Cele C. Otnes
University of Illinois, Urbana-Champaign
Tina M. Lowrey
University of Texas at San Antonio
How many consumption rituals have you found yourself engaged in, or have engaged you, in the past few months? As we were preparing this introduction, Cele was looking forward to attending the wedding of a colleague, and had bought a gift, made the necessary beautification appointments, and was following the reception plans with interest. Just 2 weeks before, she had hosted a “Hello Kitty” birthday party for her 8–year-old daughter, complete with the requisite cake and candles, party horns, gifts, birthday song, matching table settings, and goodie bags (which seem to get more elaborate every year). At around the same time, Tina was involved in the emotionally and physically arduous ritual of moving and reestablishing a household (see Marcoux, chap. 12) and in the upcoming months would be socialized with regard to the inner workings of gift giving and other workplace rituals at her new job (see Ruth, chap. 9).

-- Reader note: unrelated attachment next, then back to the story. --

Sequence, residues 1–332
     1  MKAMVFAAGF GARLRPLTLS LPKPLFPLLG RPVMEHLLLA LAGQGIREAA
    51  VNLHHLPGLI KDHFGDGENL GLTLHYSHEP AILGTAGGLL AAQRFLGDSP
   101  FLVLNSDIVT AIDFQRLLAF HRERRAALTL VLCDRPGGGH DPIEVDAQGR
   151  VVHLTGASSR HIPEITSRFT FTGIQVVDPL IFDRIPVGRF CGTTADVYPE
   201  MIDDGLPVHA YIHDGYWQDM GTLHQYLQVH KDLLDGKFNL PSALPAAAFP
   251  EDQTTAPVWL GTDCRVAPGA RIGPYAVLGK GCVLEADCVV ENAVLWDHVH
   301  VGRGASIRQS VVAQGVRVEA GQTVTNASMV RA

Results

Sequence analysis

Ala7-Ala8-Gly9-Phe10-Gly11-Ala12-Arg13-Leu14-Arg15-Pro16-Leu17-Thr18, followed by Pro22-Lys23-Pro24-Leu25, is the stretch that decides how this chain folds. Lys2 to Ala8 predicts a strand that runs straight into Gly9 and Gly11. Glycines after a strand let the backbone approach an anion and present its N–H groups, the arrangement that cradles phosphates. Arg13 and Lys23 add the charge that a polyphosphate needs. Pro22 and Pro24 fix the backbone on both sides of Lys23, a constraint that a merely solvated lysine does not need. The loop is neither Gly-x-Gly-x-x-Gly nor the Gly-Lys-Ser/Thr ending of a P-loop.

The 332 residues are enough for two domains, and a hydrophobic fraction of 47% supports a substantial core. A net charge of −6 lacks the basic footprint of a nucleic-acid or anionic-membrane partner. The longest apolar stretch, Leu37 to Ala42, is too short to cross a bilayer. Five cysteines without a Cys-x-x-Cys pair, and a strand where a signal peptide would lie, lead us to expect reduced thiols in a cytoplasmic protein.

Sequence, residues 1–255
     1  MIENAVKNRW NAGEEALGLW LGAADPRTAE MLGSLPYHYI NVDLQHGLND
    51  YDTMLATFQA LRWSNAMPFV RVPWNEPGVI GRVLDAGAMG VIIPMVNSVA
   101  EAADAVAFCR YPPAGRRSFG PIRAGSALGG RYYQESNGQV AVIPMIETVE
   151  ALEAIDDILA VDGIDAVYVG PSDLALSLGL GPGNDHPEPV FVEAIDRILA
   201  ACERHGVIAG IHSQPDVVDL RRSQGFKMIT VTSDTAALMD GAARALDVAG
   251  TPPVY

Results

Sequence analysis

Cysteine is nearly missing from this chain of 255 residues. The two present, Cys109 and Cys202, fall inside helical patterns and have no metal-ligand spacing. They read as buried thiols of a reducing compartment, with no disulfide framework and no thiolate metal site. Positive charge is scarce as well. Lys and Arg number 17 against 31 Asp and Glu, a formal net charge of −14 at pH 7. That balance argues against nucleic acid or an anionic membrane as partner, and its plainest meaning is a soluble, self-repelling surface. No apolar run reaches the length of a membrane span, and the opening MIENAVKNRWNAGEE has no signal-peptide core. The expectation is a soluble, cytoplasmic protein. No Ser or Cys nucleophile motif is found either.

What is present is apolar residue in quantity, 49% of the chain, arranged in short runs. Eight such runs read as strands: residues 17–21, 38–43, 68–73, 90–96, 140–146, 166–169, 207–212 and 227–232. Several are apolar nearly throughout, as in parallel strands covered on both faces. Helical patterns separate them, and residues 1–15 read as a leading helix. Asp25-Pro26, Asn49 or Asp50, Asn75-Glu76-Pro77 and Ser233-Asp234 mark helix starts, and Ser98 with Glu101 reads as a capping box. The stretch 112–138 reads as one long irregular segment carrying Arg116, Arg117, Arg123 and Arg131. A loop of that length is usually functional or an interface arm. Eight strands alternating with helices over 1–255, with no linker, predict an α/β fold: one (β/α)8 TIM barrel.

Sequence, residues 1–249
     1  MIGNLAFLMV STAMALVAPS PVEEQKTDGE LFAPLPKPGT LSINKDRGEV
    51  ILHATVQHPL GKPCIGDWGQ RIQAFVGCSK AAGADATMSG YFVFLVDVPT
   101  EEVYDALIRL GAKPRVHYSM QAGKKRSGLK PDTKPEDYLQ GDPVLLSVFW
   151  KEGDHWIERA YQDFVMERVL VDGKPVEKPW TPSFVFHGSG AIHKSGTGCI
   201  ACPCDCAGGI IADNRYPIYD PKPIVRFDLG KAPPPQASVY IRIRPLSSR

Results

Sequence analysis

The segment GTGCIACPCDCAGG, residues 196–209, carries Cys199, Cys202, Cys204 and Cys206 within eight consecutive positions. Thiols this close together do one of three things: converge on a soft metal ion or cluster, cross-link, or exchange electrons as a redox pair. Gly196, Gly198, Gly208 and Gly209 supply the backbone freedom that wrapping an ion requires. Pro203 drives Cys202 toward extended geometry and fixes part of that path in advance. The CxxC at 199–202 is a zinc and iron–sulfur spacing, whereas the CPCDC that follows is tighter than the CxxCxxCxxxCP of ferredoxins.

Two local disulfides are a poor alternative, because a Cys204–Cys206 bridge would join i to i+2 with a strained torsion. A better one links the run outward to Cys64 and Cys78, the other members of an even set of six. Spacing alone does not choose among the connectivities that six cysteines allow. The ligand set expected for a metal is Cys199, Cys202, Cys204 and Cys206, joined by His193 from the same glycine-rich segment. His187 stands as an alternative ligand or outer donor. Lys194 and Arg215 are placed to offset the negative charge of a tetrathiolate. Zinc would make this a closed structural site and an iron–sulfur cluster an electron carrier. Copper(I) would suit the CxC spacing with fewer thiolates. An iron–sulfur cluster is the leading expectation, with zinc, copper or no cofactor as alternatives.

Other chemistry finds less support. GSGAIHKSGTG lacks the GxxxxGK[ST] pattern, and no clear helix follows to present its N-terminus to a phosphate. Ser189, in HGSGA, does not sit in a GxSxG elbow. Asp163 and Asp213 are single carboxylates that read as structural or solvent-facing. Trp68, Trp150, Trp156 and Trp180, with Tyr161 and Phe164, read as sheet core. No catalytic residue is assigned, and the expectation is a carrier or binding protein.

Even during the relatively “down” time of summer (at least for academics), there is no escaping ritual participation. Nor do people necessarily (always) want to escape the family reunions (or even the ones created by commercial interests such as Saturn), birthdays, graduations, weddings, and seasonal holidays that give our lives structure, provide us with a sense of community, and even transform our lives with defining, memorable moments (Driver, 1991). As Rook (1985) demonstrated in his seminal article on ritualistic consumption-and as he echoes in the concluding chapter of this book-the use of products and services in activities that are expressive, symbolic, dramatically scripted, and performed with formality, seriousness, and inner intensity is an exciting and challenging topic through which to study the intersection of consumption, collectivity, and culture.
Rook's (1985) work and the countless others that have been published or presented in consumer behavior outlets notwithstanding, it is unfortunate that whereas marketing scholars have often chosen to integrate the literature on con-